Beware of vegan groups recovering the fallen, soiled banners of this era’s misguided protagonists, laundering them and representing them as underappreciated heroes. They were merely the wrong-headed opportunists of their time. Their endorsement by association lends no legitimacy to the vegan cause.

This is a wonderful, classic recipe. Be sure to cut steak to specified size while partially frozen. It’s impossible when completely thawed. The piece size is critical for chew-able texture as there isn’t much cooking time to help tenderize. Spring for fresh Italian parsley and the wide “nested” type egg noodles like Sams Choice Italia Pappardelle. Try a bit of fresh-grated nutmeg on a portion for that distinctive flavor.

INGREDIENTS

  • ½ cup flour
  • 1 teaspoon salt
  • ¼ teaspoon freshly ground black pepper
  • 2 pounds beef round steak or boneless sirloin steak trimmed of all exterior fat and cut into 2-by-1/8 inch strips (like for stir fry).
  • ½ cup (one stick) butter
  • ½ cup finely chopped onion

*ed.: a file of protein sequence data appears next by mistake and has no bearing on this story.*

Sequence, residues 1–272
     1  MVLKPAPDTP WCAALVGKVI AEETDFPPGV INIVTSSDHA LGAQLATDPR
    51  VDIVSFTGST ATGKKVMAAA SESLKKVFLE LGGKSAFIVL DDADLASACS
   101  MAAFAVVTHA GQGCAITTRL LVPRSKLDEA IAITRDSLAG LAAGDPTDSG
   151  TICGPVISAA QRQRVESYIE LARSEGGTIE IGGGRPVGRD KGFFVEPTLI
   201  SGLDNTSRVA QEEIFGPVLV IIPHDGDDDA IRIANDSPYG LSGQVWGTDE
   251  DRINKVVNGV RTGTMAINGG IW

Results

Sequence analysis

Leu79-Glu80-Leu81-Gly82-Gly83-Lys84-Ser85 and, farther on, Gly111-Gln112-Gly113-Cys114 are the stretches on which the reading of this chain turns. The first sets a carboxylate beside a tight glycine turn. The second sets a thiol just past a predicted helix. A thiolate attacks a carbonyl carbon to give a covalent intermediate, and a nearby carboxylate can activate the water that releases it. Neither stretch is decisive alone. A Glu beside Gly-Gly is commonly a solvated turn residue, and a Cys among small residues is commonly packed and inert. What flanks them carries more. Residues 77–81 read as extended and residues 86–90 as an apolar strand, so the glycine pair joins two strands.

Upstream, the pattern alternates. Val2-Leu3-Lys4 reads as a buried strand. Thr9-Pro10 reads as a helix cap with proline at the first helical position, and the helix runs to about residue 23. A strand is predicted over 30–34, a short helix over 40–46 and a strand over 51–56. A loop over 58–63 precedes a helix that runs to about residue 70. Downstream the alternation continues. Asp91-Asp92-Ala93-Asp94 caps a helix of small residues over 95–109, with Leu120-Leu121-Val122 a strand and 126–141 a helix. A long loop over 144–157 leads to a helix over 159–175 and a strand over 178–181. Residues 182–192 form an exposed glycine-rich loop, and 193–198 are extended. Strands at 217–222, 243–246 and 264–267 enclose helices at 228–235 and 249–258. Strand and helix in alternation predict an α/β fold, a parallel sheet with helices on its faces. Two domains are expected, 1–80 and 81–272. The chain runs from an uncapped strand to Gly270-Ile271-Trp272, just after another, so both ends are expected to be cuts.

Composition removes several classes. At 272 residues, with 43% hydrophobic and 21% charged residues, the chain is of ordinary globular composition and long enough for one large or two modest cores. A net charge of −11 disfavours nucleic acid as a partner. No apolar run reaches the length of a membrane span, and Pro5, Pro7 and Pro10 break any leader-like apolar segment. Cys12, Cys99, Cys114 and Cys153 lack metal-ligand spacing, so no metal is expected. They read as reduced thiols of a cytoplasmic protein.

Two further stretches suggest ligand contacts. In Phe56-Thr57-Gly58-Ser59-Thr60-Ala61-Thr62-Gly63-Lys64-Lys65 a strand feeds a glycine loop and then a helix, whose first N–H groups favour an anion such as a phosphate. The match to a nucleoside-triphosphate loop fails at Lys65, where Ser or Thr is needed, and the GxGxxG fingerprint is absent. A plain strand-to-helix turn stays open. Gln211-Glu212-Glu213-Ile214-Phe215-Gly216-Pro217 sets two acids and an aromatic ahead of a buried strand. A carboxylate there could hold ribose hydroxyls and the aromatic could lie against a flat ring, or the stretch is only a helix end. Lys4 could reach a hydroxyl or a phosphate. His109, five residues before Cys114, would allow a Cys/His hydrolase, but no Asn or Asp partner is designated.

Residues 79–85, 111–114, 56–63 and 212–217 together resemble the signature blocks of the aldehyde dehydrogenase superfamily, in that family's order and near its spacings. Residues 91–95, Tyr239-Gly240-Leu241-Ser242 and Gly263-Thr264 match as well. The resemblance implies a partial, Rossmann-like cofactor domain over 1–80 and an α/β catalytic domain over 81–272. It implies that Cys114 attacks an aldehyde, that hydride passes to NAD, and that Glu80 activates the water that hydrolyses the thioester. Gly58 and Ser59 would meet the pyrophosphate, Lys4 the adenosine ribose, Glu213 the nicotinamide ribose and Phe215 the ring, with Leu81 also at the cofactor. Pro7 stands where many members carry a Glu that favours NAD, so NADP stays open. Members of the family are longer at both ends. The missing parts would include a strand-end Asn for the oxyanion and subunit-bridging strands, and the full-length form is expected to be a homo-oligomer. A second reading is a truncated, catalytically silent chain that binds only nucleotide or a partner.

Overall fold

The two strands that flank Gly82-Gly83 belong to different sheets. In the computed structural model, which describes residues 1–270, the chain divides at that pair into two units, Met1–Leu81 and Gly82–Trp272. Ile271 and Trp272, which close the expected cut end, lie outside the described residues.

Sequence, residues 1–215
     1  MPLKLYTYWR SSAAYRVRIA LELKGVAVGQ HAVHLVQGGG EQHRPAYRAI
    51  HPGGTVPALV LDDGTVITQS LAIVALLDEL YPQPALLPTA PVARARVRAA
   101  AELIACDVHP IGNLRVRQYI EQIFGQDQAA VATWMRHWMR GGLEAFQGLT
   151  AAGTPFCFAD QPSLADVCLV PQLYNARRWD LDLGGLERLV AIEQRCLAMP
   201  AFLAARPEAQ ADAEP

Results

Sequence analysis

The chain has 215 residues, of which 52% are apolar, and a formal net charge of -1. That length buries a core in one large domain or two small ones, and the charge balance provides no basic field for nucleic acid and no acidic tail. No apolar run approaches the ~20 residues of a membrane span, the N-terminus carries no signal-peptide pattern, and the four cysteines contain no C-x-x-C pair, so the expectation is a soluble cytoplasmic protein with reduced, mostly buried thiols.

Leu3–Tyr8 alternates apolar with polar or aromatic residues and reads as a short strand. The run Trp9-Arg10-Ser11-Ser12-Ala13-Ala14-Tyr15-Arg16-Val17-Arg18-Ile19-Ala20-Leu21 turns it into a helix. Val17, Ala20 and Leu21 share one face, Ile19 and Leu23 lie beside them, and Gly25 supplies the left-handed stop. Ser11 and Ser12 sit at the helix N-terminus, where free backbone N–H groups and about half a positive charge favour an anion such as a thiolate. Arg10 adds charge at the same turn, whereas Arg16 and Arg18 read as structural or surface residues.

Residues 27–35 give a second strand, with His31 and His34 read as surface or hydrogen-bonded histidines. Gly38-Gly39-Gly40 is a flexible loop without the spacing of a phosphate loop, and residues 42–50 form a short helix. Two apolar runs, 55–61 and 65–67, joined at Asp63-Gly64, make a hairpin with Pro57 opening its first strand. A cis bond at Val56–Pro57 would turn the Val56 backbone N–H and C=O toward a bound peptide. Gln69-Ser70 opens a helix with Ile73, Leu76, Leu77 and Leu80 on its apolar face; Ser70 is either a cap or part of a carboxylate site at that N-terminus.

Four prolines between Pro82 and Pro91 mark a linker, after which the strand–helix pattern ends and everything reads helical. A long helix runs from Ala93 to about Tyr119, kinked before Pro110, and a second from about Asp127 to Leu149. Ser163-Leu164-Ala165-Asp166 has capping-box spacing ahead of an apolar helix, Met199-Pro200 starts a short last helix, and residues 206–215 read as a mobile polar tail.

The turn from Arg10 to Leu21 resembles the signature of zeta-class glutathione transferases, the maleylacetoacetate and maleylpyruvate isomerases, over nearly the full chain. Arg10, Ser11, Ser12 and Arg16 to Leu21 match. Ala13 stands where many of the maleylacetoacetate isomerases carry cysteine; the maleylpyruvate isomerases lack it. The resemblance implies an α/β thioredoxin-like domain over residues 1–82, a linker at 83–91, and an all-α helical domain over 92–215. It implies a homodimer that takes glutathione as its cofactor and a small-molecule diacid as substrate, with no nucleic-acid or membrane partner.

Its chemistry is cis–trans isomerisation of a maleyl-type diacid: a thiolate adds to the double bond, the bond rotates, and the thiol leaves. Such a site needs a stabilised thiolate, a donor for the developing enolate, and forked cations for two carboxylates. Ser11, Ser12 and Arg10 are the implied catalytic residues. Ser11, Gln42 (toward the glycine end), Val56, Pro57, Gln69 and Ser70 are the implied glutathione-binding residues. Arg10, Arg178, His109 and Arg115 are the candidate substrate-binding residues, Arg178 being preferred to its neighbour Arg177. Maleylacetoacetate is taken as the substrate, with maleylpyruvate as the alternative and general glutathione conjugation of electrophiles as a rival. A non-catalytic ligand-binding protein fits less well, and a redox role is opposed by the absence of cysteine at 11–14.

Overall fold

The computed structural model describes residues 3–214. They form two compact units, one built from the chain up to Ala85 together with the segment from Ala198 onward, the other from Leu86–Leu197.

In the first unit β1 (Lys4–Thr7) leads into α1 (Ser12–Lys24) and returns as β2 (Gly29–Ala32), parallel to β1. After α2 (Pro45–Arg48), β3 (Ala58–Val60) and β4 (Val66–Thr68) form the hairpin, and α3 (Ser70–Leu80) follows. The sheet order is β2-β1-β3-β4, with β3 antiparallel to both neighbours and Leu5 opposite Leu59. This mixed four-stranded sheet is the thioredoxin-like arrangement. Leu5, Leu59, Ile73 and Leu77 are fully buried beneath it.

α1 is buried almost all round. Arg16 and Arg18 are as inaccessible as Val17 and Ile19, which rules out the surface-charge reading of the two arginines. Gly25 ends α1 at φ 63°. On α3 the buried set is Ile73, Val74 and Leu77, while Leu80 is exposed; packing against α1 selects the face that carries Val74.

• ½ pound mushrooms, thinly sliced
  • 2 cups beef or chicken stock, ideally homemade
  • 1 cup sour cream
  • 3 tablespoons tomato paste
  • 1 teaspoon Worcestershire sauce
  • 3 tablespoons finely chopped parsley

PREPARATION

  1. Combine the flour, salt and pepper. Dredge the meat in the mixture.
  2. Brown the meat in one-quarter cup of the butter in a saucepan. Remove meat from the pan and set aside.
  3. Add the onion to the pan and sauté until transparent. Add the mushrooms and remaining butter and sauté 3 to 5 minutes longer.
  4. Add the beef stock or bouillon and bring to a boil. The preparation, to this point, may be done ahead.
  5. Add the meat to the sauce and cook until meat is tender but not overcooked, 3 to 10 minutes, stirring often.
  6. Combine sour cream, tomato paste and Worcestershire sauce. Add some of the beef sauce to sour cream mixture. Return to pan and heat meat and sauce, stirring. Do not boil. Sprinkle with parsley. Serve with buttered parsley noodles.

Have you cooked this?  Mark as Cooked


 

Categories
Ground Recipes

Special Agent Suet Part 1: Pemmican

Pemmican is an all-natural , long-lasting energy food originally made by native Americans from wild large game, dry berries and nutmeats. Suet rendered into tallow (chemically/biologically stable at normal temperatures) serves as an important energy source and binder for all the components.